Cars 3 is a genial, easy-going throwback. Not just to the previous Pixar films in the series but also to the early days of parent company Disney, when Walt walked the earth and sweetly earnest lessons about what’s important in life inspired movies that put smiles on faces all over town.
The directing debut for veteran Pixar storyboard artist Brian Fee, this warmly sentimental G-rated film about facing new realities and recapturing lost dreams has, despite its relatively adult storyline, a beguilingly effortless feeling to it, as if it had nothing to prove.
But though it’s indifferent to pushing boundaries, that hasn’t stopped these further adventures of Lightning McQueen, the legendary Number 95, from subtly dealing with issues of equality and exhibiting deft plot moves that have some emotional heft to them.
As written by Kiel Murray, Bob Peterson and Mike Rich, this newest Cars takes advantage of the fact that the franchise is now a decade old, just enough time for McQueen, a racing legend if ever there was one, to begin to hear the automotive equivalent of footsteps.
Not that you’d know it at first. McQueen (voiced as always by Owen Wilson), uses the same “I am speed” self-motivation mantra against familiar rivals like Cal Weathers (racer Kyle Petty).
And he’s still got the same veteran team behind him, including lovable lug Mater (Larry the Cable Guy) and the irrepressible Italian stallions Luigi (Tony Shaloub) and Guido (Guido Quaroni).
But a new wind is blowing on the track, the next generation of high-tech, metrics-obsessed racers who call McQueen “bro” (when they talk to him at all) are storming the track.
Leader of this pack, celebrated by numbers-crunching TV analyst Natalie Certain (Kerry Washington), is the confident, not to say cocky Jackson Storm (Armie Hammer), who oozes contempt for McQueen without even trying.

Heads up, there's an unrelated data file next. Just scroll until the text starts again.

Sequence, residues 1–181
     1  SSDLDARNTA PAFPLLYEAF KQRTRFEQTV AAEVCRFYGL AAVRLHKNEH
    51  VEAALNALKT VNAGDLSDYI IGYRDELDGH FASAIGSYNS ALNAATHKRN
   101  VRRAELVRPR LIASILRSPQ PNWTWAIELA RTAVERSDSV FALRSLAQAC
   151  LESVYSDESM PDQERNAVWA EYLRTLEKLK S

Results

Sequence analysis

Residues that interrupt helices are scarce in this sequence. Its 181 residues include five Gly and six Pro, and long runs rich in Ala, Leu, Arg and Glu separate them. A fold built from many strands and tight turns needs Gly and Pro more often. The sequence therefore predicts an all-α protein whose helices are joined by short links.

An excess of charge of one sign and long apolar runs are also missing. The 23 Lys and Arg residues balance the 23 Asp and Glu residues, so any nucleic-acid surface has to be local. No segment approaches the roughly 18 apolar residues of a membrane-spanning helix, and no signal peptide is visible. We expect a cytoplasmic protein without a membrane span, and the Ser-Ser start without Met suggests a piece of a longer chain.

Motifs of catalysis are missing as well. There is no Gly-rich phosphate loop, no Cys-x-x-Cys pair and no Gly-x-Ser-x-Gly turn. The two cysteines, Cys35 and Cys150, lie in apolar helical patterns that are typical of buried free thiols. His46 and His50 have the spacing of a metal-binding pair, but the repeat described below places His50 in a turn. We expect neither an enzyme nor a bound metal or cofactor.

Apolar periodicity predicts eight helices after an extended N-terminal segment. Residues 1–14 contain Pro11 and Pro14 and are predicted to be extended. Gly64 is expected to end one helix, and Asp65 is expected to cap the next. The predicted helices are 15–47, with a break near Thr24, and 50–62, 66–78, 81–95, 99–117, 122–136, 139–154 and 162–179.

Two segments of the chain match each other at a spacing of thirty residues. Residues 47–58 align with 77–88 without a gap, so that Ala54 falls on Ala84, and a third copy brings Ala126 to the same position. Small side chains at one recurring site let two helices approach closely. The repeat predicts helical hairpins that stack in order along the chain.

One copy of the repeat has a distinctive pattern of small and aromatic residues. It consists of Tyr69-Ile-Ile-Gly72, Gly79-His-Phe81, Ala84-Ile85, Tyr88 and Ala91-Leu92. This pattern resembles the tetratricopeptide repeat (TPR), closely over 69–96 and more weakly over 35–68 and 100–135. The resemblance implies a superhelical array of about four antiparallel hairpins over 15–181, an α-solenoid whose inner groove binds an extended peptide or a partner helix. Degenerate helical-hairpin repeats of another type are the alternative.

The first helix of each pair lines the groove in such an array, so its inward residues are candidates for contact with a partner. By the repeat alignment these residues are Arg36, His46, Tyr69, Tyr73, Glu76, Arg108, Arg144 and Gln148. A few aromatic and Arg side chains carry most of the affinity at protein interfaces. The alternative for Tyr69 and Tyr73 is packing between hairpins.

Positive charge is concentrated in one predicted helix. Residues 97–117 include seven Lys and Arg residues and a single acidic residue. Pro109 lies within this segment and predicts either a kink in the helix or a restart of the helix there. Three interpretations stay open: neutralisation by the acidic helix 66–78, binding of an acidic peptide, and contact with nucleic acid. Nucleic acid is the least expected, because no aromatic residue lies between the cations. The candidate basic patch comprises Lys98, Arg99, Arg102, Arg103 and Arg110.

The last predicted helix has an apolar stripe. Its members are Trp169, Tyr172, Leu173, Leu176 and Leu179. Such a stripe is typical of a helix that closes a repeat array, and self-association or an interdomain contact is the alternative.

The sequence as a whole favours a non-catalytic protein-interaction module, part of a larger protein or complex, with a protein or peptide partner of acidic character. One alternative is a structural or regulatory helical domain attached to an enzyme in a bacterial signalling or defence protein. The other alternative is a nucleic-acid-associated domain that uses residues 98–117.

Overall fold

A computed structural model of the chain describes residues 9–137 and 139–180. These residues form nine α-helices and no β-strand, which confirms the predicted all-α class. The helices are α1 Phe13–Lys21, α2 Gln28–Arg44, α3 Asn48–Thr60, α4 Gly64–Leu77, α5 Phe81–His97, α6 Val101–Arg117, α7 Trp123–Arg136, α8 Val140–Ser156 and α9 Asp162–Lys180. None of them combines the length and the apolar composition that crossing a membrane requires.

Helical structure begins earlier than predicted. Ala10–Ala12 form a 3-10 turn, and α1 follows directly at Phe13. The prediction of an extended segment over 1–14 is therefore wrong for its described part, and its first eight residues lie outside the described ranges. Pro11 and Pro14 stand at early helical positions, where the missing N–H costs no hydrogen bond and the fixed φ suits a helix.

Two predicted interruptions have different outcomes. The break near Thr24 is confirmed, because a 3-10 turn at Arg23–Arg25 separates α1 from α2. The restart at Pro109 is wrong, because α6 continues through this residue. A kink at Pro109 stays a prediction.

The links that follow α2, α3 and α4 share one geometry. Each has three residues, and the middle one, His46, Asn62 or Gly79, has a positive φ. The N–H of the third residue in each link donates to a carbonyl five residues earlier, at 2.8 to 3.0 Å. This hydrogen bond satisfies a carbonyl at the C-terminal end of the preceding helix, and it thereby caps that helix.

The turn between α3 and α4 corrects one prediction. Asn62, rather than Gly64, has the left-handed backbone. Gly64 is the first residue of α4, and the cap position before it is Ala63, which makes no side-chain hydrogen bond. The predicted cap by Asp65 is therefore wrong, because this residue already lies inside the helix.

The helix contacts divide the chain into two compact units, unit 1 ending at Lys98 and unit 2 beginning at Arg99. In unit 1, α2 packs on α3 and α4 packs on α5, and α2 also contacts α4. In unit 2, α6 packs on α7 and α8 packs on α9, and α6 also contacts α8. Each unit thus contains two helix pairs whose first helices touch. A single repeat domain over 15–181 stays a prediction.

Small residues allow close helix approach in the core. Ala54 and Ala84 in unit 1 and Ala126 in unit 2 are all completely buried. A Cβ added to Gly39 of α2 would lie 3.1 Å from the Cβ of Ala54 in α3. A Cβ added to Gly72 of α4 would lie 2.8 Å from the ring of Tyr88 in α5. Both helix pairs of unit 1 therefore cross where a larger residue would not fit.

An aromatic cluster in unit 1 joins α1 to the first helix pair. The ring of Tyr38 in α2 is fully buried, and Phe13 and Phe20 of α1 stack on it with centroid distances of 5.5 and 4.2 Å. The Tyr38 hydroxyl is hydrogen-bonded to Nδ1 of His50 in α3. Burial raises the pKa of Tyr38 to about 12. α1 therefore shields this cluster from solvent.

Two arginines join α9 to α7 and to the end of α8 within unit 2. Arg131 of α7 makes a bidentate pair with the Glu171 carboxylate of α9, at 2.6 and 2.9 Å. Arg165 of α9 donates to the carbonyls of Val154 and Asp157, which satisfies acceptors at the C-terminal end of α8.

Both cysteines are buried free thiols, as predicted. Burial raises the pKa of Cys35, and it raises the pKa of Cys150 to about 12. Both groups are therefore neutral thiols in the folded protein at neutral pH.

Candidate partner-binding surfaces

Although he won’t admit it, McQueen is rattled, and when a mishap on the track sends him back to Radiator Springs to recuperate, he communes with the spirit of his auto guru Doc Hudson (the late Paul Newman, taped during production on Cars). This is this film’s first nod to the theme of mentorship, which is one of its key concerns.
More shocks are yet to come. McQueen’s loyal sponsors Dusty and Rusty (Car Talk legends Ray and the late Tom Magliozzi) have sprung for a state-of-the-art Rust-eze Racing Center.
But they’ve also sold the firm to astute businessman Sterling (Nathan Fillion), the erstwhile mud flap king of the Eastern Seaboard, who worries about things like protecting the brand.
It’s Sterling’s idea to put McQueen in the hands of a young, tech-savvy trainer/motivator named Cruz Ramirez (stand-up comic Cristela Alonzo), who considers Number 95 “my senior project” and has her own ideas about what’s needed to get him back on top.
Determined to improve but aware that he is not the racer he used to be, McQueen, with the increasingly involving Ramirez tagging along, takes some motivational detours of his own that amuse and enlighten in equal measure.
These include getting up close and personal with characters like dirt track legend Miss Fritter, “The Diva of Demolition” (Lea DeLaria), and the venerable Smokey (Chris Cooper), Doc Hudson’s mentor, who sheds light on McQueen’s past as well as his future.
Although the story is always paramount, Cars 3 has paid lots of attention to the visual side of things, giving the vehicles a photo-realistic look and taking tips from real Nascar footage in how it depicts its Piston Cup races.
There are also a lot of amusing visual references on screen, like a newspaper named The Daily Exhaust and an automotive tonic called Carbucha. Watching a forklift play pedal steel guitar in an automotive country western band is its own kind of treat.
The cars in Cars 3 not only look spiffy, they’re so adroitly computer generated and so effectively voiced we really come to feel they’re people whose emotional issues we have no difficulty buying into more than one might expect.
Even when they were directed by Pixar major domo John Lasseter (as the first two were), the Cars films were not graced with the kind of critical favor many of the studio’s other releases, like Wall-E and Inside Out, received.
But it has become increasing evident that the kind of comfort and satisfaction these films offer is not something we can afford to take for granted. So, if you are inclined, start your engines and let the good times roll.
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